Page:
A burned SUV with 5 unidentified bodies was found on Saturday, June 2, 2012 in Arizona.
Pinal County Sheriff Paul Babeu told CNN that Border Patrol officers first spotted the white Ford Excursion around 4:30 a.m. off the side of Interstate 8 in western Pinal County, about 60 miles south of Phoenix. When the Arizona Sheriff turned around, the SUV sped away at a high speed.
Why the vehicle was first spotted and needed attention from authorities, is unclear. The Arizona Pinal County Sheriff Paul Babeu did add, “Just this week, we’ve had high-speed chases in this area and several vehicles have fled from law enforcement.”
Authorities were able to see vehicle tracks off the road that led into the desert and followed them for two to three miles before coming across the burned SUV with 5 bodies inside.
“That’s when the Border Patrol agents went up to the vehicle with fire extinguishers and realized there were bodies inside, clearly deceased,” Pinal County Sheriff Paul Babeu said. “Clearly these people were murdered, but we don’t know the manner of death,” he added.
“None of the five killed was in the SUV’s front seat. One was in the second row and the other four bodies were found laying down flat in the cargo area,” Babeu said.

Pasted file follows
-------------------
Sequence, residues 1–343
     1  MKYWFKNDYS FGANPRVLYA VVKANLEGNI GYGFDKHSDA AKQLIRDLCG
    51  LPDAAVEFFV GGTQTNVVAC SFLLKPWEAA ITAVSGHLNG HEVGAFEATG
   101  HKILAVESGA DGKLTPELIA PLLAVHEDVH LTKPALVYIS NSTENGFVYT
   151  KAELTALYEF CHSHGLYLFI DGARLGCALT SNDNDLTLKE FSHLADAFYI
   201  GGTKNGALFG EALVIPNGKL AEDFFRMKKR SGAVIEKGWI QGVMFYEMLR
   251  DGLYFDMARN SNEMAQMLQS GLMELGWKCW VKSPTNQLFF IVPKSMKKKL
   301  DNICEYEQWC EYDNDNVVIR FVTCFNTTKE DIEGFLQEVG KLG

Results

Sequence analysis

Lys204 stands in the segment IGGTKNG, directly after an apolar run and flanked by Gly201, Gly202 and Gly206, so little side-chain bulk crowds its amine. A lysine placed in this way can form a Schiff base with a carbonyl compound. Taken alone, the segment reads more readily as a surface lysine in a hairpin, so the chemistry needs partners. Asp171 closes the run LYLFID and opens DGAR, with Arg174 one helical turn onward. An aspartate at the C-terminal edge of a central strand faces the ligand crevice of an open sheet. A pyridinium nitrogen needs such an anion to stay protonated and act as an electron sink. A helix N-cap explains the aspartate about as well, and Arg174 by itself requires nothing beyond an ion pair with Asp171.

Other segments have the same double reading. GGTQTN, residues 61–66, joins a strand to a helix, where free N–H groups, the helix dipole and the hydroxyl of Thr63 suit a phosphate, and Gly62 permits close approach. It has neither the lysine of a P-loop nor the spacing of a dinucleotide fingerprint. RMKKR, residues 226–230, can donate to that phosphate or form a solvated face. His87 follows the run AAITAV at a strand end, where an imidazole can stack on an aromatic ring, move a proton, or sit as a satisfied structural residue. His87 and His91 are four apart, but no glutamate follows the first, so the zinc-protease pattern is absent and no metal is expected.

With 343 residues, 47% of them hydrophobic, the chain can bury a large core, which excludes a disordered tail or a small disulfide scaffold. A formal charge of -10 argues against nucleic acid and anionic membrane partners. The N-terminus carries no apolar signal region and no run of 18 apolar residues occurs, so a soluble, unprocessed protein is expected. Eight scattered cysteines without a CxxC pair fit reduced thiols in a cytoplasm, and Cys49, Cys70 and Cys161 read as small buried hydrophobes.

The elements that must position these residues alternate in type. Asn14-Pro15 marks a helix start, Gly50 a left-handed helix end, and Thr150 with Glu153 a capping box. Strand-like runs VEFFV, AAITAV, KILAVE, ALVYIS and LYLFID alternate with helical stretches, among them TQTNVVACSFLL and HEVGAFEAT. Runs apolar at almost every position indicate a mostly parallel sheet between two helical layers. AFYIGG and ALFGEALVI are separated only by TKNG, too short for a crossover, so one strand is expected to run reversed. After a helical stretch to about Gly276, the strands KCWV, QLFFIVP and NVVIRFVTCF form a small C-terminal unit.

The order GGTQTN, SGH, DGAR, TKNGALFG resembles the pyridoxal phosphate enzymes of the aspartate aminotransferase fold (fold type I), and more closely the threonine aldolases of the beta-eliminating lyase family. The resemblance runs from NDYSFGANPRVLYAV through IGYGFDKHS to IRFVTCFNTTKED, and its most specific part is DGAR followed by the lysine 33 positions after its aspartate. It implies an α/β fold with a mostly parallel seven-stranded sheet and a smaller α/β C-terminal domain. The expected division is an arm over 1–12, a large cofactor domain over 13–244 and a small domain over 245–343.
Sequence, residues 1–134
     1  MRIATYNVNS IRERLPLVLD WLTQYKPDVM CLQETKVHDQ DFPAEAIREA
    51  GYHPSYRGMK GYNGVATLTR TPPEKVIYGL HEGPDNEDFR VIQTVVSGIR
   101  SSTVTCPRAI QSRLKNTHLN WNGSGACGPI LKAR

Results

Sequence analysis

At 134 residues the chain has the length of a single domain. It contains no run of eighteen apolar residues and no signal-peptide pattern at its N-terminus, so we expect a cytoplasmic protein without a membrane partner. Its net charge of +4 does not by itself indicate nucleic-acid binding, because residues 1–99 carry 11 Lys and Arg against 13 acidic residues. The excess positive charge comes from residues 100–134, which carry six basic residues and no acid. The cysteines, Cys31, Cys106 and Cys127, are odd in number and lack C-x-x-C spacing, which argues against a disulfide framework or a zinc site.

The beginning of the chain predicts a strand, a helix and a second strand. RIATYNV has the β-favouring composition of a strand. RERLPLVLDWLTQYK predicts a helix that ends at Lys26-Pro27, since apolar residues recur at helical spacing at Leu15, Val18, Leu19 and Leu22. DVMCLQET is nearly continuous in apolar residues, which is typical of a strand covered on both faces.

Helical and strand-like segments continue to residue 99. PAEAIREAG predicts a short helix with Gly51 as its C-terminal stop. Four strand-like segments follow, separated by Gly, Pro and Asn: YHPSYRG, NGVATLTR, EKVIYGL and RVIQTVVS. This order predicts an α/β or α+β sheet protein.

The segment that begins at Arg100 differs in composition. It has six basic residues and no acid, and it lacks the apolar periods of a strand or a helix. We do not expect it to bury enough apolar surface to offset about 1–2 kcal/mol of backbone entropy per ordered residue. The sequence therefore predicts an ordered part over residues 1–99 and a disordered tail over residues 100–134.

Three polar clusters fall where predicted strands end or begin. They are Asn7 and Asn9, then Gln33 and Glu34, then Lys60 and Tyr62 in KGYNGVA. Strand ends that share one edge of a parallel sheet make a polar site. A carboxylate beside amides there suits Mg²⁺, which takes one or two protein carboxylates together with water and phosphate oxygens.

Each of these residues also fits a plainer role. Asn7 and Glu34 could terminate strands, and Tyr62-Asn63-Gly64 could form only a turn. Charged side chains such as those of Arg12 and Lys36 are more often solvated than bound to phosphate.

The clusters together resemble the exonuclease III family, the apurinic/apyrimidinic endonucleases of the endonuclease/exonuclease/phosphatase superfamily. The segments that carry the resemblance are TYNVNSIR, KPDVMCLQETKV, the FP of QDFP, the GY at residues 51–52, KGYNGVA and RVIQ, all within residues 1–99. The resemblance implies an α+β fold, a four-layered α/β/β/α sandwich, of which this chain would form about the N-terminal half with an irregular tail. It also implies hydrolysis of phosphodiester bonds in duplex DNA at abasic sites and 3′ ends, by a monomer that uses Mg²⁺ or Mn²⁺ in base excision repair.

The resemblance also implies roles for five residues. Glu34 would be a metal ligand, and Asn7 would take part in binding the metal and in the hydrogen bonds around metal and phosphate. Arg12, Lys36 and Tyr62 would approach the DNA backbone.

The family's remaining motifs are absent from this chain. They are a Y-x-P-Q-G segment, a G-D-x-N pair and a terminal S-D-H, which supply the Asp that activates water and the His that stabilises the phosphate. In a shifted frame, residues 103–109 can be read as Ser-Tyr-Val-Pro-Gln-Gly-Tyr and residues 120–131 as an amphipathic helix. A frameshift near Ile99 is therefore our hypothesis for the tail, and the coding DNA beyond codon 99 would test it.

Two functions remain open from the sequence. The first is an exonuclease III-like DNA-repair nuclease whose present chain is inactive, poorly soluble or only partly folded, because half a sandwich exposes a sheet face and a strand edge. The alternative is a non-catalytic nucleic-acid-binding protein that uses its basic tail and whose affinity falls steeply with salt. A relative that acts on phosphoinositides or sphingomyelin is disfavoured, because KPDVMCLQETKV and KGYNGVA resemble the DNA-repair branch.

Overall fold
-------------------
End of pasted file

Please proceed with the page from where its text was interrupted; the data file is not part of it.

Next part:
The bodies were so badly burned up that investigators couldn’t determine their gender or ethnicity. It’s still unclear if the victims were from Mexico, but the Pinal County sheriff’s office has notified the Mexican Consulate.
The license plate was also severely burned so officers don’t know if the vehicle was stolen or not. “Nine out of 10 times when we find a vehicle abandoned, it is most likely stolen,” Babeu said.
Arizona sheriff, Babeu said it was very likely a drug connection and while there’s been no definitive conclusion yet, “It looks like it’s a cartel hit, where they exact revenge on people. It happens all the time in Mexico; our fear and concern is that this violence is spilling over deep into the heart of Arizona.”
Pinal County deputies were involved in more than 350 high-speed pursuits last year, and Babeu said most of those involved cartel members. There have been shootings, the bodies of murder victims have been left in the desert and just this week, several loads of drugs were confiscated, he said.
The sheriff said the extent of the violence, particularly in the western part of the county, about 35 miles south of Phoenix, is more evidence that drug smuggling north of the Mexican border hasn’t subsided.